LINDEN (CBS) – The mother of one of the victims of the Speed Freak Killers told CBS’s Sacramento affiliate that remains found last Friday in Calaveras County have been positively as her daughter.
Paula Wheeler, the mother of Chevelle “Chevy” Wheeler, said that the San Joaquin County Sheriff’s Department called her at her home in Tennessee to tell her the remains found last week are that of her daughter.
Wheeler’s remains were discovered Friday by deputies searching behind the former family property of Wesley Shermantine, one of the men known as the Speed Freak Killers.
According to Sacramento-based bounty hunter Leonard Padilla, the remains were found in the location where Shermantine admitted that 16-year old Chevy Wheeler was buried.
Wheeler went missing from Franklin High School in Stockton in 1985, when she told friends she was skipping school to go with Shermantine to his family’s cabin in San Andreas.
Wheeler’s mother Paula told CBS over the phone from Tennessee that the sheriff’s office called her and told her the remains were found wrapped in a blanket where Shermantine indicated they would be and that the clothes appeared to match what Chevy was wearing when she went missing.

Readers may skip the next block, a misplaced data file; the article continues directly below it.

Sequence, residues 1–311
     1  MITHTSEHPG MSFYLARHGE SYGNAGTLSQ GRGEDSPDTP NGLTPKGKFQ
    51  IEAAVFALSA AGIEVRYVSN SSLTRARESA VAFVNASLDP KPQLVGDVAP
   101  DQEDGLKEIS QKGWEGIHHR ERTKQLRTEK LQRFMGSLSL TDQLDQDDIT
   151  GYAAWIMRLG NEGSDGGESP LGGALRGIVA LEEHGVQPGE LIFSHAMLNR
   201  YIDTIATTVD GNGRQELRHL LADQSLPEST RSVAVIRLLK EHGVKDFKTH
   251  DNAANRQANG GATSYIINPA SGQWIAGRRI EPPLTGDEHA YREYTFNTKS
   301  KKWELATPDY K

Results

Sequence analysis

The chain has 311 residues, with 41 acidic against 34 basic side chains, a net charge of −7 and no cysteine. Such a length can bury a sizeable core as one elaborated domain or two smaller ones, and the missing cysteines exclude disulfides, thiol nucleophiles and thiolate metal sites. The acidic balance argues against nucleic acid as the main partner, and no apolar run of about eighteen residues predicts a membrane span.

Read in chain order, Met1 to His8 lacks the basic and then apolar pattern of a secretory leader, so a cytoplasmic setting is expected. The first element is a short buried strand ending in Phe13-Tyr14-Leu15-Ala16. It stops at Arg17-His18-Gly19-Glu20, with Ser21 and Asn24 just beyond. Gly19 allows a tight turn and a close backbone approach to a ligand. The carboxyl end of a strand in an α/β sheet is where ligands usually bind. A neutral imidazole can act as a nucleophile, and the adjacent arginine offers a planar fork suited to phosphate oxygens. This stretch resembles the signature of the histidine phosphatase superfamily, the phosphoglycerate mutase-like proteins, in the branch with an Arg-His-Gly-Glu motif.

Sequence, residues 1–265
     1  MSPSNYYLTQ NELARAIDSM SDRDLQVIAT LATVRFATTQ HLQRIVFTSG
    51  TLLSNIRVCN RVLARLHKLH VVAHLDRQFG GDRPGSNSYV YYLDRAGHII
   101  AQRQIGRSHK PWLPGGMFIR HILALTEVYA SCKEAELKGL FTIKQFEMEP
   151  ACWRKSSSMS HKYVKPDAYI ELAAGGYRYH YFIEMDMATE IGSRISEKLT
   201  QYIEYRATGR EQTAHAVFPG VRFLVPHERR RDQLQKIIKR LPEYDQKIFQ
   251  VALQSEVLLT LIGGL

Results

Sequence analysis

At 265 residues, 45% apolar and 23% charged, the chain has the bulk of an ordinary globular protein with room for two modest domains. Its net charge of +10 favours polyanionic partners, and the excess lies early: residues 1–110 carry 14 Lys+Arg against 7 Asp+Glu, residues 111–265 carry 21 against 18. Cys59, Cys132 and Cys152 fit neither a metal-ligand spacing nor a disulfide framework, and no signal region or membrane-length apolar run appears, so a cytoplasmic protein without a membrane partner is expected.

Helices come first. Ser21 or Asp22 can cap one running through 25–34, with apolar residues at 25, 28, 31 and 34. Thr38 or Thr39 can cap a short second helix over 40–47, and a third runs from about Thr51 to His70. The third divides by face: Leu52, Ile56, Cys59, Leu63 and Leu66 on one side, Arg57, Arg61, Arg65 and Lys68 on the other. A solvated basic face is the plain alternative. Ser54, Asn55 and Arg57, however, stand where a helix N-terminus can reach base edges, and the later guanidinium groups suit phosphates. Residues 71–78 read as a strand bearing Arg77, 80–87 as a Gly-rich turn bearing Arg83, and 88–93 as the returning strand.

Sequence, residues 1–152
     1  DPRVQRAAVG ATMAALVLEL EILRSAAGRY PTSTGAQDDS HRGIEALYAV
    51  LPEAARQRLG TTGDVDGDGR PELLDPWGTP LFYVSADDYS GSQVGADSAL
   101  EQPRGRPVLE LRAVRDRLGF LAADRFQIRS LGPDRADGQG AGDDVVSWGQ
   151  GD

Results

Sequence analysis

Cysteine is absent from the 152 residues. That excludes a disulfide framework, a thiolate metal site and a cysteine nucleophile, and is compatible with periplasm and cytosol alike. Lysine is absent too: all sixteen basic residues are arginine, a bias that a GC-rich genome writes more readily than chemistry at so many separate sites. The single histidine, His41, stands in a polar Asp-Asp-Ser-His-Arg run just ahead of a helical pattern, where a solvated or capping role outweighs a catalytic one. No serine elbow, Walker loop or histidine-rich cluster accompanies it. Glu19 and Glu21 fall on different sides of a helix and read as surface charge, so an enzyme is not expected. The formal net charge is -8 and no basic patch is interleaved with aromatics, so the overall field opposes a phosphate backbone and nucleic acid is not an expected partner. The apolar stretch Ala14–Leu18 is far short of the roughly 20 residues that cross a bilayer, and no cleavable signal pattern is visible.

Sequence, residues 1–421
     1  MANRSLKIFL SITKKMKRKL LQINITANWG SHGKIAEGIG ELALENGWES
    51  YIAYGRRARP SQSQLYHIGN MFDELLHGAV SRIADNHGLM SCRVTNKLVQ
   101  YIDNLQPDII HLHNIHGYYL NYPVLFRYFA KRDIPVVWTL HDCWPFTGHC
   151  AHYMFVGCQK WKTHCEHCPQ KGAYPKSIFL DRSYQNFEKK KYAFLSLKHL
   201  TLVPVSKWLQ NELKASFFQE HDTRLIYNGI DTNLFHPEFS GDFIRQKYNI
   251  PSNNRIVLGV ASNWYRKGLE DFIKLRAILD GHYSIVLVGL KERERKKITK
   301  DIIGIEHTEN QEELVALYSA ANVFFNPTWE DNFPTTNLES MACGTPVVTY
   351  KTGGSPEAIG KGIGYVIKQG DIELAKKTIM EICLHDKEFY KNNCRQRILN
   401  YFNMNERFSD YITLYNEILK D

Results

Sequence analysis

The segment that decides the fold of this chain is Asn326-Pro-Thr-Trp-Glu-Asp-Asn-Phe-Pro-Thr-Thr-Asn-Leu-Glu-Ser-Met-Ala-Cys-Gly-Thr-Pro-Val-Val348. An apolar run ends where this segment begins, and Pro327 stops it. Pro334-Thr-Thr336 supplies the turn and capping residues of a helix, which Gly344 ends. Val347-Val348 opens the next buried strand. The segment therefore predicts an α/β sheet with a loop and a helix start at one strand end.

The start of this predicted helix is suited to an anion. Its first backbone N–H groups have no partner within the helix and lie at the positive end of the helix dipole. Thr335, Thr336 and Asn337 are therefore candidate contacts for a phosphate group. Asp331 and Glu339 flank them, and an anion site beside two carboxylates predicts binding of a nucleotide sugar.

A sheriff’s official confirmed the remains, including a partial skull, were found on the side of a hill surrounded by trees, brush and leaves. Specialized search dogs hit on a scent and crews brought in a back hoe to remove dirt and found the remains.
Sources told CBS that Shermantine and his “Speed Freak Killers” partner Loren Herzog could be responsible for as many as 25 unsolved murders.
Over the weekend, authorities found more than 300 bones in the area where Shermantine said there might be 10 or more victims from a methamphetamine-fueled killing spree he and a childhood friend were part of in the 1980s and 1990s.
The 300 bones and other items were found 45 feet deep in the well on an abandoned cattle ranch near Linden in San Joaquin County.
Shermantine was convicted in 2001 of killing four people, including Vanderheiden and Wheeler. Herzog, his childhood friend, was found guilty of three murders, but his murder convictions were later overturned on appeal. He was sentenced to 14 years and released in 2010. He committed suicide outside High Desert State Prison in Susanville last month, where he was living in a mobile home after his release.
Shermantine, who is on death row at San Quentin, has been talking with investigators over the last several weeks, offering to give them details about burial sites in return for money.
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